Thursday, July 5, 2018
The title of this post is the headline of this lengthy new article in Governing magazine. Interestingly, the article does not once mention marijuana, but it is still a sobering read against the backdrop of the often-stated refrain of marijuana reformers that they want marijuana regulated like alcohol. I recommend the entire piece, and here are excerpts from the start of the lengthy piece:
Most Americans have a general sense that drunken driving isn’t as bad a problem as it was a generation ago. But few realize how much those numbers changed in a relatively short time. When the federal government started counting alcohol-impaired traffic deaths in 1982, there were more than 21,000 a year. By 2011, the death toll was down by 53 percent. States had raised the legal drinking age to 21 and adopted a common rule that a blood alcohol concentration (BAC) of .08 meant “too drunk to drive.” Many states also mandated the installation of interlock devices to prevent those with a history of drunken driving from turning on their ignition unless they were sober. Those laws, coupled with education and prevention campaigns, helped reduce drunk driving deaths to fewer than 10,000 in 2011.
But recently the trend has stalled. The total number of alcohol-impaired traffic fatalities actually rose in both 2015 and 2016. “Drunk driving has been around since the automobile was invented and it’s still the biggest killer on the highway,” says J.T. Griffin, the chief government affairs officer for Mothers Against Drunk Driving (MADD). Indeed, alcohol causes more traffic deaths per year than either speeding or driving without a seatbelt....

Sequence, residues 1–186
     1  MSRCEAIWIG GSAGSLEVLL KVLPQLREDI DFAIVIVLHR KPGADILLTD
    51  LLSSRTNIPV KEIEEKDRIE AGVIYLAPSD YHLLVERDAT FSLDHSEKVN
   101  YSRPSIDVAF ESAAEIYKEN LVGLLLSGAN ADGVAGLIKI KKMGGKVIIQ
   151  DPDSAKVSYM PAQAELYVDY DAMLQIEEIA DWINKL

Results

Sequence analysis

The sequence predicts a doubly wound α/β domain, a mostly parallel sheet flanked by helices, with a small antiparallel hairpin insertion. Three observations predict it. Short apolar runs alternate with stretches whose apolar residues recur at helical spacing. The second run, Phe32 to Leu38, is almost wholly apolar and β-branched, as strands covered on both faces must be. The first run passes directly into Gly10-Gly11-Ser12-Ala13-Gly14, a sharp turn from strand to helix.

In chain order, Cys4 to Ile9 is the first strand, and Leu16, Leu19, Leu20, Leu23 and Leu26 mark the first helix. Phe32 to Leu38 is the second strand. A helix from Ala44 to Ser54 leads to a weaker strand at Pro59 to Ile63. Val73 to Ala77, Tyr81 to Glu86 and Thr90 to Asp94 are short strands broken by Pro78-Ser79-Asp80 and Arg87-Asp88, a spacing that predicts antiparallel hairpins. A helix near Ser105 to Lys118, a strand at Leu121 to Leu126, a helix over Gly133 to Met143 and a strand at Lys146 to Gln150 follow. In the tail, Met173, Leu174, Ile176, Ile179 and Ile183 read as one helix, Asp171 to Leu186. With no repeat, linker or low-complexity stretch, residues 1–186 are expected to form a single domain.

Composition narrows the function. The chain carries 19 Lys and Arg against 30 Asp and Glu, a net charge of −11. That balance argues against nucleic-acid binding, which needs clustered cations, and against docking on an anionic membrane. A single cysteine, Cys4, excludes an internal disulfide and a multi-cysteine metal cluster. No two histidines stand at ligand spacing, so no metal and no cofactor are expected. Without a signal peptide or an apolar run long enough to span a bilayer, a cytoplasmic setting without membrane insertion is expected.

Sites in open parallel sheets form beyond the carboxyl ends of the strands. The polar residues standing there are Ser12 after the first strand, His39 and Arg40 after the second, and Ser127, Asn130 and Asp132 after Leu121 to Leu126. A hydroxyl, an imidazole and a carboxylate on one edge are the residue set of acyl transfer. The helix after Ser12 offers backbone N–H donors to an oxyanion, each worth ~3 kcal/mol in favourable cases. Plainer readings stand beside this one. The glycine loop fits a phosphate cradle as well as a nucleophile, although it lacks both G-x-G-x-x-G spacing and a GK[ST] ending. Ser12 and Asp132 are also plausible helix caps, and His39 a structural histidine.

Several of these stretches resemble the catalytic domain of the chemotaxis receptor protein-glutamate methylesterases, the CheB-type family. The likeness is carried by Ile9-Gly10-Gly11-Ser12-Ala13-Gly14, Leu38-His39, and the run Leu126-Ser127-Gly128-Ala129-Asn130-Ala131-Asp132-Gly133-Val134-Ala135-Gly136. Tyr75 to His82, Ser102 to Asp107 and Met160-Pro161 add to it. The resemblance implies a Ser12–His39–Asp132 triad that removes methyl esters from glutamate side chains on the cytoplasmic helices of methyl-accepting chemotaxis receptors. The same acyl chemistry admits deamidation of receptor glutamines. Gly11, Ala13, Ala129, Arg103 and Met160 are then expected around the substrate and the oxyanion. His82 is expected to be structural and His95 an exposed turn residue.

Up to now, no state has imposed a limit of .05, but that’s about to change. Utah will go to .05 in December. In the past year, Delaware, Hawaii, New York and Washington state have also considered legislation to lower the limit. “It will change the conversation from, ‘If you have been drinking too much, you shouldn’t drive,’ to, ‘If you’ve been drinking, you shouldn’t drive,’” says Utah Rep. Norm Thurston, who sponsored the .05 legislation. The new message -- that driving shouldn’t occur after even moderate drinking -- “is probably what it should have been all along,” he says.
American alcohol policy is in a curious state of flux. On one hand, states and localities continue to tax alcoholic beverages not only to raise revenue but also to educate the public about the risks associated with drinking. On the other hand, states are passing laws that make alcohol easier to purchase by permitting sales on Sundays, in movie theaters and at grocery outlets. In December, Congress cut federal alcohol excise taxes to the tune of $4.2 billion over two years. The reduction is expected to bring down prices and increase consumption.
The national conversation around addiction has been dominated in recent years by opioids. Certainly, the rapid rise in opioid overdoses, which claimed 42,000 lives in 2016 alone, is a pressing issue for states across the country. The White House has declared a national public health emergency over the epidemic, and governments everywhere are marshalling efforts to combat the crisis.
But the fact is that alcohol kills roughly 88,000 Americans each year, more than double the number of opioid deaths. Almost half of alcohol fatalities come from chronic health problems attributed to excessive alcohol consumption, such as liver cirrhosis, breast cancer and heart disease. Those alcohol-induced deaths are on the rise. Excluding certain acute causes, such as homicides and traffic fatalities, the rate of alcohol-induced deaths increased by about 47 percent between 1999 and 2015.
Public health specialists say it’s time for a broader national dialogue about substance misuse, one that includes alcohol. “There continues to be a [reluctance to accept that] alcohol is an addictive substance because it’s legal, because it’s widely used, because people believe that unless it’s a drunk driving accident you don’t really die from it,” says Phyllis Randall, chair of the Loudoun County, Va., Board of Supervisors and a former mental health therapist who worked for 15 years treating offenders with substance abuse problems in an adult detention center.